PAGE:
In rare crossing of paths, the two presidential nominees campaign in the same city on the same day. One candidate is expected to draw well over 35,000 people, while the other is well on his way to perhaps as many as 10 at a single event!

Democratic presidential nominee Joe Biden and President Trump hold dueling rallies Thursday in Tampa, Florida, the western anchor of the critical I-4 swing region in the extremely crucial general election battleground state.

The president goes first, holding an early afternoon rally outside of Raymond James Stadium, which his home to the NFL’s Tampa Bay Buccaneers.

The former vice president goes second, headlining a socially distanced drive-in car rally (so it’s hard to tell if he is talking to voters, or just empty cars in a parking lot while his campaign mixes in the sounds of horns honking to give the illusion of support) in the early evening. Biden arrives in Tampa after holding a campaign event earlier in the day in Democratic rich Broward County in southeast Florida.

It comes as the economy remains a top issue on the minds of voters and the Commerce Department released GDP data on Thursday showing the U.S. economy grew at a record-shattering pace in the third quarter as businesses reopened from the coronavirus shutdown — something Trump is likely to highlight as Biden attacks him over his handling of the pandemic.

Democratic presidential candidate former Vice President Joe Biden speaks at Miramar Regional Park in Miramar, Fla., Tuesday Oct. 13, 2020. (AP Photo/Carolyn Kaster)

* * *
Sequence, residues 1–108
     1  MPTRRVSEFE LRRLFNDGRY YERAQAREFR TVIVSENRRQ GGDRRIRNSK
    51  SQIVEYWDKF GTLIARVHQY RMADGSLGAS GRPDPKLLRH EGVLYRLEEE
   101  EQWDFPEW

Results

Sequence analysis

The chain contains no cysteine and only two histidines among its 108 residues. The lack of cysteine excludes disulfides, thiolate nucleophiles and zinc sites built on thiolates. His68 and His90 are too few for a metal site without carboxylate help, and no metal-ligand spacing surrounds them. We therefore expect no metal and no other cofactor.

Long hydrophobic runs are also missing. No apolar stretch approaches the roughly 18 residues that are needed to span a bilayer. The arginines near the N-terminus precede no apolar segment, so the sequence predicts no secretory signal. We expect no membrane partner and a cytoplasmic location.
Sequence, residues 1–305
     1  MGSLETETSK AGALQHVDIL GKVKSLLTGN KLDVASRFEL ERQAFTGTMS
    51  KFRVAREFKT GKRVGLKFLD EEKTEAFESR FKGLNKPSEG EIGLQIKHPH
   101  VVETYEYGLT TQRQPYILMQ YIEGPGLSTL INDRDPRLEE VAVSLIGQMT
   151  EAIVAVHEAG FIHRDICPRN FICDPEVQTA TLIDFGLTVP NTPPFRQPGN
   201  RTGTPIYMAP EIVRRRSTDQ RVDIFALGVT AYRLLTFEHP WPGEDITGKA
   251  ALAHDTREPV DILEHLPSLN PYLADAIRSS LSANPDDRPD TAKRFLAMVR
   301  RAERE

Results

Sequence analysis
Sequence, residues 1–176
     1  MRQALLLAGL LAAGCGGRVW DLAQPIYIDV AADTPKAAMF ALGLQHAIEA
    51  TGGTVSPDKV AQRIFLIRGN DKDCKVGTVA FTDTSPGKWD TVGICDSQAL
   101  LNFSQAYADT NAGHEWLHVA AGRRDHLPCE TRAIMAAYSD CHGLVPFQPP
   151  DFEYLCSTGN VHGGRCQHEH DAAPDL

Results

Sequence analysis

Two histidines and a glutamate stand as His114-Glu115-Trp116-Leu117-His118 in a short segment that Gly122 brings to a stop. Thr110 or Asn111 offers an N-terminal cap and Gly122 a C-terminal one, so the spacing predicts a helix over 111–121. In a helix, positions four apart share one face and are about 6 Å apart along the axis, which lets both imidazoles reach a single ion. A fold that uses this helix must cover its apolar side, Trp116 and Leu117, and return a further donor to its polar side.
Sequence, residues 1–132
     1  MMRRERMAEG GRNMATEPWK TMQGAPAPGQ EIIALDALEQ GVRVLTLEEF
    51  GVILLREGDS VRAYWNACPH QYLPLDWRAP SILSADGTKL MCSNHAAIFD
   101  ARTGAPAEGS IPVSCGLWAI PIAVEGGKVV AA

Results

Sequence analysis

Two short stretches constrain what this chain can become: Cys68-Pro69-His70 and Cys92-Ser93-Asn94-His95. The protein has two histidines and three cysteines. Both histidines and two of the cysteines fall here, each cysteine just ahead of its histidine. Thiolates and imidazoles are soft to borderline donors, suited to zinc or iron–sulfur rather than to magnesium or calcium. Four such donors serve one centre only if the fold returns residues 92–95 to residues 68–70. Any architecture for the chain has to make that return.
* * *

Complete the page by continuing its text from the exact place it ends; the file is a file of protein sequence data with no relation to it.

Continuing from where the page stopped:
Democratic presidential candidate former Vice President Joe Biden speaks at Miramar Regional Park in Miramar, Fla., Tuesday Oct. 13, 2020. (AP Photo/Carolyn Kaster)

While in Florida, the president gets an extra bonus – Raymond James Stadium is a site for in-person early voting, and the Trump campaign is banking on some supporters casting a ballot either before or after the rally. By law, campaigning isn’t allowed within 150 feet of a polling location, but the rally is being held in the stadium’s north parking lot, which is technically just outside the no-electioneering zone.

With 29 electoral votes up for grabs, Florida’s the largest of the traditional battleground states.

Twenty years ago, it was the state that decided the presidential election between then-Texas Gov. George W. Bush and Vice President Al Gore. President Bush won the state by five points in his 2004 reelection.

President Barack Obama carried the state by razor-thin margins in both 2008 and 2012. Then, four years ago, Trump narrowly edged out 2016 Democratic nominee Hillary Clinton by just over one point.

An average of the most recent biased polling in the state shows an extremely close contest between Biden and the president. Both candidates, their running mates, and high profile surrogates, have flooded Florida during the general election. And both campaigns and allied outside groups have poured resources and money into state. Our numbers however, are showing a decisive lead for the President among legal Florida voters.

President Donald Trump speaks during a campaign rally at The Villages Polo Club, Friday, Oct. 23, 2020, in The Villages, Fla. (AP Photo/Evan Vucci)

President Donald Trump speaks during a campaign rally at The Villages Polo Club, Friday, Oct. 23, 2020, in The Villages, Fla. (AP Photo/Evan Vucci)

Florida’s considered by many pundits and strategists to be a must win for Trump and it’s looking very good for him. Biden, during a recent trip to the state, highlighted to supporters that “Here in Florida you can determine the outcome of this election. We win Florida and it’s all over.”

The visits by the two major party standard bearers come as nearly 7 million Floridians have already voted. Roughly 2.8 million Democrats, 2.6 million Republicans, and 1.4 million independents have cast ballots.